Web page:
Dunes Country at Furnessville was supposed to exemplify the mixed-use,
eco-friendly, traditional neighborhood-feel of the New Urbanism.
It was supposed to be very green.
But the only green ever seen by investors was the color of the money they
claim to have lost to developers Gary Atkinson and Donna Harris: more than
So alleges a lawsuit filed in Porter Superior Court on Sept. 18 by a group
of 25 investors, some of whom purchased as much as $50,000 in stock from a
development company controlled by Atkinson and Harris, others of whom bought
promissory notes in values as high as $100,000 and $70,000 from another
company controlled by the pair.
Atkinson and Harris promoted Dunes Country as a planned unit
development—permitted as such by the Porter County Commissioners in
2000—with 330 single-family homes and a business district south of U.S.
Highway 20 and east of Brummitt Road. There were to have been clusters of
housing, neighborhood-type shops, and plenty of open space, plus innovative
stormwater management practices and a constructed wetland sewage treatment
Atkinson and Harris were talking up Dunes Country as late as November 2003,
when they held an invitation-only reception at least partly to rebut a
newspaper story intimating the project’s demise. In June 2007, however, the
182 acres were on the block and being marketed by a nationwide commercial
As it happens, only two months earlier, in April 2007, Atkinson and Harris
had entered into a consent agreement with the Securities Division of the
Indiana Secretary of State under which they admitted to selling to investors
securities neither registered nor exempt from registration with the
Division, agreed to be permanently barred from the investment adviser and
securities industry, and stipulated—if they had failed by June 30, 2007, to
re-pay the principal amounts invested in their project—to the appointment of
a receiver with authority to locate and recover investors’ funds.
The investors’ attorney, Harold Harper, told the Chesterton Tribune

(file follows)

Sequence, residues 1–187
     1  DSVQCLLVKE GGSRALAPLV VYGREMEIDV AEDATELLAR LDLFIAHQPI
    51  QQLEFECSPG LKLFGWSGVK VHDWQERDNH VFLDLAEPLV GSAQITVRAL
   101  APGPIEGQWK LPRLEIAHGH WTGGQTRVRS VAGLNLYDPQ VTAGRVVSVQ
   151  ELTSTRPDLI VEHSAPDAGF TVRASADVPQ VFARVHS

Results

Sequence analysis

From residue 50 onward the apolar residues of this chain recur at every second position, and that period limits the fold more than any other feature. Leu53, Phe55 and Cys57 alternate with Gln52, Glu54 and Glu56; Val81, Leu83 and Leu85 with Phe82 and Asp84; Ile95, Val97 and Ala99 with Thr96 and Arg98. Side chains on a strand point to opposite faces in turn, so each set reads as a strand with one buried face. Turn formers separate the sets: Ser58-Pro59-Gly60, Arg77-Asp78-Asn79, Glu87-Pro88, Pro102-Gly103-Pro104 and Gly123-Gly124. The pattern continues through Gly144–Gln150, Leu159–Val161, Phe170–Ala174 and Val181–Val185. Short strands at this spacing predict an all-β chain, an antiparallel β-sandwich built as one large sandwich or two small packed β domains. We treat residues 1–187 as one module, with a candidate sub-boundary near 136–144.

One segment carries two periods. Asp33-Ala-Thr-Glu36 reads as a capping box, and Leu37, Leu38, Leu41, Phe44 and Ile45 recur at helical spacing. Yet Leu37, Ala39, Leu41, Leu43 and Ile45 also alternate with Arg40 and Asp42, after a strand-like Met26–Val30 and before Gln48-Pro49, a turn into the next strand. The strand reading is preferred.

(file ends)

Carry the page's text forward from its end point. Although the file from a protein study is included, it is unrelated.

on Wednesday that few if any of the investors were aware at the time that
Atkinson and Harris had entered into that consent agreement. Only a few
months later, in the fall of 2007, did investors begin to get a whiff. “The
state started contacting investors, which gave rise to some concern on their
part,” Harper said. “As matters progressed, it precipitated the investors’
contacting our office.”
For Harper the issue isn’t simply the fact that Atkinson and Harris did not
register their companies’ securities with the Securities Division. “Had they
been registered, they may not have been permitted to sell the securities to
begin with,” he said.
Instead, Harper maintains that Atkinson and Harris made “misleading
statements” to potential investors who, “had they not been told these
things, probably wouldn’t have gotten involved in the project.”
“The investors were misled about the risk of these investments,” Harper
said. “In my opinion, it went way beyond being misled and they lost a lot of
money. And these were not investors who had a lot of money to lose. These
were small investors.”
The suit specifically alleges the following:
•That Atkinson and Harris sold to investors a total of 12,000 shares of
their company, AHA Development Corporation, at a price of $25 per share, for
an aggregate investment of $300,000.
•That Atkinson and Harris sold to investors a total of 39 promissory notes
from another of their companies, Dunes Country Mortgage Partners, for an
aggregate initial investment of $1,098,156.07. Those notes—which carried a
10 percent per annum rate of interest with one year dates of maturity— were
then annually reissued or renewed, according to the lawsuit.
•That losses to investors, including accrued interest but not attorney’s
fees, total $2,718,188.
•That Atkinson and Harris “employed a device, scheme, or artifice to
defraud” their investors; “made untrue statements of material facts and/or
omitted to state material facts”; and “engaged in an act . . . that operated
as a fraud or deceit” upon the investors.
•That Atkinson and Harris violated the Indiana Uniform Securities Act and
are therefore liable to the investors for damages.
The lawsuit is specifically seeking “consideration paid” for the securities;
interest on the securities at whichever is greater, 8 percent per annum or
the specific rate provided by the security on the date of purchase; and
costs and reasonable attorney’s fees.
Meanwhile, on Sept. 14, 2009, the Securities Division for its part filed a
petition requesting the Indiana Securities Commissioner to find Atkinson and
Harris in violation of the consent order; to impose a civil penalty of up to
$10,000 for each violation of the Indiana Uniform Securities Act; and to
order them to pay restitution to all investors who purchased promissory
Harper was unable to say who exactly owns the 182 acres at this point.